Five teenagers from Berlin made international news earlier this week when they brutally attacked and sexually assaulted a 68-year-old Jewish man on his way to visit the Putlitzbrücke Holocaust memorial. This came just a day after a Jewish man was subjected to antisemitic slurs and physically attacked on the Berlin subway. Such alarming antisemitic attacks are on the rise across the globe and especially in Europe, posing a serious threat to Jewish communities everywhere. The U.S. Commission on International Religious Freedom (USCIRF) yesterday sought to address this issue in a congressional hearing on Global Efforts to Counter Anti-Semitism.
Anti-semitic attacks like those in Germany are increasing throughout Europe. At yesterday's hearing, Rabbi Abraham Cooper noted the sharp increase in antisemitic attacks in Germany, Sweden, and France in recent years.
Anti-Semitism has a long and troubling history in Europe, and it's a history Europeans seem intent on forgetting. In 2018, a sweeping CNN survey conducted in Europe found a surprising degree of ignorance concerning the Holocaust. Particularly striking is the statistic that one out of five people in France between the ages of 18 and 34 said they'd never even heard of the Holocaust. France is a hotspot for anti-Semitism, and it shows.
Yet, poor education isn't the only problem. The response of European governments to antisemitic violence has been woefully inadequate. Rabbi Cooper argued that the French judiciary "has exposed itself again and again as unwilling and unfit to protect French Jewry." He cited several recent examples of French courts failing to bring those who committed crimes against Jews to justice. In one example, a French court released the murderer of a Jewish kindergarten teacher because he claimed to have smoked marijuana before he strangled her in her apartment while shouting about Allah before throwing her over a balcony.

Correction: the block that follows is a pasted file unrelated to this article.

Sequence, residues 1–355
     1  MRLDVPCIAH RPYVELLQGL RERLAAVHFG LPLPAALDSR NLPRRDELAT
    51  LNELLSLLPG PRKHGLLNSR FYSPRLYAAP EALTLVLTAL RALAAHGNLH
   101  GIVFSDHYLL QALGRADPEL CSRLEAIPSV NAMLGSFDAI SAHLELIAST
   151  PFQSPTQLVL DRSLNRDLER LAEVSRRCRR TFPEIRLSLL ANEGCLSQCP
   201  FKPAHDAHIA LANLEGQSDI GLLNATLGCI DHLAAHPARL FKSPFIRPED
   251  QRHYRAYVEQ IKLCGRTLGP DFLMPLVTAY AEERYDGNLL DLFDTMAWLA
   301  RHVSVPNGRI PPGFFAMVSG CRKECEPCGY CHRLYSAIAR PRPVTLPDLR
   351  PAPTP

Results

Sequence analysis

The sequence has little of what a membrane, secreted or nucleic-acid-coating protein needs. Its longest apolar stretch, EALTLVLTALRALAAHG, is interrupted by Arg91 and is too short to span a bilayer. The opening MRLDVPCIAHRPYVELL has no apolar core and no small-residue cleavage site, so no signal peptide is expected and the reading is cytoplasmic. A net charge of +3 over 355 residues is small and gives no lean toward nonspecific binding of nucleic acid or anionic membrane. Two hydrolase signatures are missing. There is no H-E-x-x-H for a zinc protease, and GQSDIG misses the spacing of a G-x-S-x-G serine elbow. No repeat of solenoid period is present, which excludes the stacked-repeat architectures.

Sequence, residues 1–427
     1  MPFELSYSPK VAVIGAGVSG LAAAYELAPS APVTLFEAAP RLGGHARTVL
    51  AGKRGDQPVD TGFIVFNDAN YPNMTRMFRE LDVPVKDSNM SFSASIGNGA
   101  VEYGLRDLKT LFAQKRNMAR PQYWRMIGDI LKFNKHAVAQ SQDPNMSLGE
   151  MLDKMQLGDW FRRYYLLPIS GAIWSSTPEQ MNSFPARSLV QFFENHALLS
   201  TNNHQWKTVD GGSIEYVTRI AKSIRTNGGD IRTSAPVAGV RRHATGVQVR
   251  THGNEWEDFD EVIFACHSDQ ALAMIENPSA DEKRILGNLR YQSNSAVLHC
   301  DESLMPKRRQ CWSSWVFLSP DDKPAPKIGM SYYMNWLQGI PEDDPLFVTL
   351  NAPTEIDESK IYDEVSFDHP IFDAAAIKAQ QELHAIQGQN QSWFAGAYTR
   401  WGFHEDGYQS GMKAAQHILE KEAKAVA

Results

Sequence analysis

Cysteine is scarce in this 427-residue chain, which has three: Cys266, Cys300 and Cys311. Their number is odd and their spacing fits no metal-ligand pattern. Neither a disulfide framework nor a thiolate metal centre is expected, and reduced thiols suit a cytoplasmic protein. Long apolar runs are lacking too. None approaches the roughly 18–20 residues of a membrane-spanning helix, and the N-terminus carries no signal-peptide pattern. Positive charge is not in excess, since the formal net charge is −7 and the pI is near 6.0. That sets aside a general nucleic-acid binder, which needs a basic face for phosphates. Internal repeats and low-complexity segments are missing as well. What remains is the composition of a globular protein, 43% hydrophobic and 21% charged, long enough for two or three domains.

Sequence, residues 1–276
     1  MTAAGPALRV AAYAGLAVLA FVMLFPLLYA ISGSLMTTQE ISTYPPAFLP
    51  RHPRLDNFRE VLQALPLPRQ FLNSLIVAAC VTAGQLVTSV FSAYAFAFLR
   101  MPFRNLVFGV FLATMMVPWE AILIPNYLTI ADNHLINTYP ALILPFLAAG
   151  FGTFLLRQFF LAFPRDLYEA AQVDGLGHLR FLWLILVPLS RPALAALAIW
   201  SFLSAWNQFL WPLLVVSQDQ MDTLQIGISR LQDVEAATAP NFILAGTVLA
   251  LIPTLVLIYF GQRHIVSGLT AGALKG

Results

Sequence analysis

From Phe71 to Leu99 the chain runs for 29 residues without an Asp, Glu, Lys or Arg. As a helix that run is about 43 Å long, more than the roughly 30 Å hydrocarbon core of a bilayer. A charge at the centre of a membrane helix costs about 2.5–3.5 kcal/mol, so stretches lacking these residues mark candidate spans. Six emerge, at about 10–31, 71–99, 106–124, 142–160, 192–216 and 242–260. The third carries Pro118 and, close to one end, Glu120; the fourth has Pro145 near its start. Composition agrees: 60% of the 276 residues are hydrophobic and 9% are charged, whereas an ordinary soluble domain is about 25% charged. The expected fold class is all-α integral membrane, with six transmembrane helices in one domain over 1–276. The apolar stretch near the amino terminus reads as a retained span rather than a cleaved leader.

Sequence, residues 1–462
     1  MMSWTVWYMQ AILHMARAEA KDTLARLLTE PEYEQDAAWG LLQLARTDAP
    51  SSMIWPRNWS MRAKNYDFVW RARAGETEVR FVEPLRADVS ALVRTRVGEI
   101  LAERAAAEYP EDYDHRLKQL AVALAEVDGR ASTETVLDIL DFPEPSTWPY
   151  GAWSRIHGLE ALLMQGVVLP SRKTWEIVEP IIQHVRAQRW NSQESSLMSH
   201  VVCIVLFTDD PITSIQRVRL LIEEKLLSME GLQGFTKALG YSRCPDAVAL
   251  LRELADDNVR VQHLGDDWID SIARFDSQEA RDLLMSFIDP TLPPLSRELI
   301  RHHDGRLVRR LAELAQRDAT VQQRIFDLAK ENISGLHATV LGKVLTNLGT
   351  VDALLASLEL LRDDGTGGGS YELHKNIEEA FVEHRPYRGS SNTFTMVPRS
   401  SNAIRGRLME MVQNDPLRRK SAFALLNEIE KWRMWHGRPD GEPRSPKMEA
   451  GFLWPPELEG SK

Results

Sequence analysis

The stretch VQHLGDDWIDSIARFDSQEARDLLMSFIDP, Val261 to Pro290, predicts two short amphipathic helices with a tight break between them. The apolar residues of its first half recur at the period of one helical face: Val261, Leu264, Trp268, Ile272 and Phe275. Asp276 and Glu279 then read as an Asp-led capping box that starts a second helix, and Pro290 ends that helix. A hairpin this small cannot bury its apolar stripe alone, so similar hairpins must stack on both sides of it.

In her statement, Sharon Nazarian urged European governments to "support the security of local Jewish communities, to address potential threats, and to hold perpetrators of attacks fully accountable."
However, anti-semitism is a complex problem and public policy is only part of the solution. Former Pakistani Ambassador Akbar Ahmed told listeners, "You need to challenge the hearts of the people."
USCIRF Chair and FRC President Tony Perkins recognized the unique importance of confronting anti-Semitism. "This is the issue that affects so many others," he said. "It is a canary in the coalmine when it comes to religious persecution, and we would be negligent as a nation... to ignore what is happening around us."
At its core, religious freedom is the freedom to choose and live out one's faith. For religious freedom to be the norm, Jews must be able to live freely without fear of violence. Antisemitic discrimination and attacks on the Jewish community carried out simply because they are Jewish is fundamentally evil and must not be allowed to go unchecked at home or abroad.
Anti-semitism is an old hatred that has had devastating affects throughout world history. At the hearing, Dr. Deborah Lipstadt testified that anti-semitism "takes many different forms, and it persists." In response, political leaders, advocates, and citizens must be vigilant and speak out against anti-semitism wherever it surfaces. The threat of anti-Semitism is too real to ignore, and the consequences will be severe should we fail act.
Watch the full hearing on CSPAN here: